Grades 3-5, 6-8
Students will be able to:
- Recognize that there are costs and benefits associated with starting a new business.
- Assign their own values to each of the identified costs and benefits in order to determine whether or not to take risk of starting a new business.
- Identify steps necessary to plan and start a new business.
In this economics lesson, students will calculate risks associated with starting a new business.
Start class with prompting them with the following questions:
- Have you ever thought about what it would take in order to start your own business?
- What steps/items would you need to consider about starting a new business?
Give students 3-4 minutes to compile a list of responses. Possible responses include: money, advertising, idea/product, passion, willingness to take a risk, education, hard work, time, location. After time is up, create a class list on the board of student responses and lead a discussion.
Lead a class discussion to introduce the concepts of cost-benefit analysis. Discussion points include:
- Benefit: Monetary or non-monetary gain received because of an action taken or a decision made.
- Cost: The effort, loss, or sacrifice necessary to achieve or obtain something.
Model what it looks like to weigh the costs and benefits. Ask students to respond to the following prompt: What do you think are some benefits (pros/rewards) and costs (cons/risk) of starting your own business? Possible responses include: Benefits – make money, create business doing what you love, help others, be your own boss, choose who works with you, feels good when successful, set your own schedule; Costs – time, risk of failing, uncertainty of future, lose money, lack of knowledge about business/unsure.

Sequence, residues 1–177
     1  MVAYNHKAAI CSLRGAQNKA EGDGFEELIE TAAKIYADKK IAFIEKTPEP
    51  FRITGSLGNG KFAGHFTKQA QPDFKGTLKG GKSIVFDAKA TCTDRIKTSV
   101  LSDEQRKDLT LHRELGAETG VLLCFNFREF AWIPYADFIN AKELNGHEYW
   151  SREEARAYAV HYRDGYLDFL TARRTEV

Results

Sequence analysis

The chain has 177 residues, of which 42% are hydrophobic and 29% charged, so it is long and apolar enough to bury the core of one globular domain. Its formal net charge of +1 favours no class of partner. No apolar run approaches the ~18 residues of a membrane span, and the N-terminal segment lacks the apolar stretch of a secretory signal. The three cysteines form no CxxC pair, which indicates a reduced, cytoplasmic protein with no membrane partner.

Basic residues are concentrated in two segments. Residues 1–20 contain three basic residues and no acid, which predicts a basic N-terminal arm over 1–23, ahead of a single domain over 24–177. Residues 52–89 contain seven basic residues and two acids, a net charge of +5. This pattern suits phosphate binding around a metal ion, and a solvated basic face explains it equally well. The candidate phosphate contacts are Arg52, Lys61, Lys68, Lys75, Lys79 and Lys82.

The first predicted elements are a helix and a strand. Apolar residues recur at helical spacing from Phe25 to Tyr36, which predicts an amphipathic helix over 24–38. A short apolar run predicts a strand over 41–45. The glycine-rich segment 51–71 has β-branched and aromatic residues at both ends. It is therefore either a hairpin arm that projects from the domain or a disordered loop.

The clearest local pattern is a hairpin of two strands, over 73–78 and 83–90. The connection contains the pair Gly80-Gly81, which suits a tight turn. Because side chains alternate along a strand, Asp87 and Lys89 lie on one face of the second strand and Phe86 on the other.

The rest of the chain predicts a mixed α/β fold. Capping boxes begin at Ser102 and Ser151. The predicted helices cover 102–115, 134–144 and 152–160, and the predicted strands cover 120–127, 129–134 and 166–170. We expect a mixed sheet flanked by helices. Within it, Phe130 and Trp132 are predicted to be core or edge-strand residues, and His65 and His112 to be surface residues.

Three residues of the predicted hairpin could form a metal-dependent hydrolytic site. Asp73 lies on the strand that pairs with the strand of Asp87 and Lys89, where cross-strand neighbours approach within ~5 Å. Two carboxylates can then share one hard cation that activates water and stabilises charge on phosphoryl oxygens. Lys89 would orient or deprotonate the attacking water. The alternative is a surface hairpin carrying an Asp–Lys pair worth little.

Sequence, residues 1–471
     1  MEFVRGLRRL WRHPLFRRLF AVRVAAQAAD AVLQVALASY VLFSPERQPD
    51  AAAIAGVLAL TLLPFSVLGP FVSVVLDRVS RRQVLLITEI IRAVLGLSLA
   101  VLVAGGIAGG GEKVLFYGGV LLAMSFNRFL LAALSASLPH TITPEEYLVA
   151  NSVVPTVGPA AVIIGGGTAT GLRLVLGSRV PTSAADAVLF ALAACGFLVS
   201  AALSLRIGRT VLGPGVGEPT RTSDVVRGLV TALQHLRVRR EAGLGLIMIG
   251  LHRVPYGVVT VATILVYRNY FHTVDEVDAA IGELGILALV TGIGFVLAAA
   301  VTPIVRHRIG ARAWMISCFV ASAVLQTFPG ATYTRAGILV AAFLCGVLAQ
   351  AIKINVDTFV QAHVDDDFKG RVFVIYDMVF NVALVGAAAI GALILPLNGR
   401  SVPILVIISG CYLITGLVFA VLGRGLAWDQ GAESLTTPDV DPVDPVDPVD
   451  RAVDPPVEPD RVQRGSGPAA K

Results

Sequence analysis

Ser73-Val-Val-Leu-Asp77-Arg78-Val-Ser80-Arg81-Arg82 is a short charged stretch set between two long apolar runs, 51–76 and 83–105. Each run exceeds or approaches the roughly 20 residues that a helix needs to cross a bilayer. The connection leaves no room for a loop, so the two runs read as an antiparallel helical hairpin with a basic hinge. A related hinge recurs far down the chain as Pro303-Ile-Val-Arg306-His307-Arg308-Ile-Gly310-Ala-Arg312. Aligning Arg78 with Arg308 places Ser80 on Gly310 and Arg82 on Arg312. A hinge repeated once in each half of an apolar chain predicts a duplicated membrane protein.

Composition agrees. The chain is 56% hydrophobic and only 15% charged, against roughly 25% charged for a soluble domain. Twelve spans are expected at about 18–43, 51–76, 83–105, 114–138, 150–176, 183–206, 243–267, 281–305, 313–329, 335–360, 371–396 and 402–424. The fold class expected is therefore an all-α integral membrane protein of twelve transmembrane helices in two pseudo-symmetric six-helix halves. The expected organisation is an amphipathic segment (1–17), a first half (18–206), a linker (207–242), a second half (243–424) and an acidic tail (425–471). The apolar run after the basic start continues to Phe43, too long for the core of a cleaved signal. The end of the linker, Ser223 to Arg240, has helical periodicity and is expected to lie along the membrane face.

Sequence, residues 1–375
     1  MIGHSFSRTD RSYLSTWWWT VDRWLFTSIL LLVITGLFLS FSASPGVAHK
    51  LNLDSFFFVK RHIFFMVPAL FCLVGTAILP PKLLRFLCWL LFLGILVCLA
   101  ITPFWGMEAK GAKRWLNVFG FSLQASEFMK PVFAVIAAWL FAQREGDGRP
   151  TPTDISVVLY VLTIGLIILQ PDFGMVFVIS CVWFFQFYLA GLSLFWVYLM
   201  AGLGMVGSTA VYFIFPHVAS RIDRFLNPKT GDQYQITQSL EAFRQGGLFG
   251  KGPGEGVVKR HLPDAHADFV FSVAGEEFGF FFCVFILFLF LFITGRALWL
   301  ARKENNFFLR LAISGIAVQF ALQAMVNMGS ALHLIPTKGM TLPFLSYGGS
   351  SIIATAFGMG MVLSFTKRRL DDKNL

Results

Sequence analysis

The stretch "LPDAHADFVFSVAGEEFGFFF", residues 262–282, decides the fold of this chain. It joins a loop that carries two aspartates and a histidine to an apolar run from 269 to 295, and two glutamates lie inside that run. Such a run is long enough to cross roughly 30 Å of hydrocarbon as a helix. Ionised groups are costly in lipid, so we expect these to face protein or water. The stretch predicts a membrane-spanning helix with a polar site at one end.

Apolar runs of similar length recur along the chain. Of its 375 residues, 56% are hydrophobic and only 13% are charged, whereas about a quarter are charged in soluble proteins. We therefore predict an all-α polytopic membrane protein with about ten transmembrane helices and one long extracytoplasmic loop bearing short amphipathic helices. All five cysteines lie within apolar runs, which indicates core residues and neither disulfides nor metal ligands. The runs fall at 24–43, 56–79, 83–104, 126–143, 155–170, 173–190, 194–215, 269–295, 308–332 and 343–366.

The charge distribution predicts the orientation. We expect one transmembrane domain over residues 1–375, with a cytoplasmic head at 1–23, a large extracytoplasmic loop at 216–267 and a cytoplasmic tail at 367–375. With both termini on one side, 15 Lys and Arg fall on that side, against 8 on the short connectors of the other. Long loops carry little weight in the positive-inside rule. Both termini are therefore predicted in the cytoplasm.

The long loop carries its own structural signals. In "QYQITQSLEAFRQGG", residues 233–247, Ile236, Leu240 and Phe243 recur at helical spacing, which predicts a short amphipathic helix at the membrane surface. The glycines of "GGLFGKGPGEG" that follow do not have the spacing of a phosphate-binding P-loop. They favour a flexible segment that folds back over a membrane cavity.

Create a T-chart. Emphasize that if your benefits outweigh your costs than you should start a new business; however, if costs outweigh the benefits than you should not start your own business. Reiterate that each idea that the class has written down points towards a potential risk or cost and a potential reward or benefit. People who are considering going into business for themselves must weigh the costs against the benefits to decide if their idea is worth the effort. This is called a cost/benefit analysis. Discussion points include:
- Pros: what someone is going to gain or a reward from a decision, in economics this is called benefits
- Cons: what someone is going to lose or a risk from a decision, in economics this is called costs.
Emphasis that if your benefits outweigh your costs than your should start a new business; however, if costs outweigh the benefits than you should not start your own business. Reiterate that each idea that the class has written down points towards a potential risk or cost and a potential reward or benefit. People who are considering going into business for themselves must weigh the costs against the benefits to decide if their idea is worth the effort. This is called a cost/benefit analysis.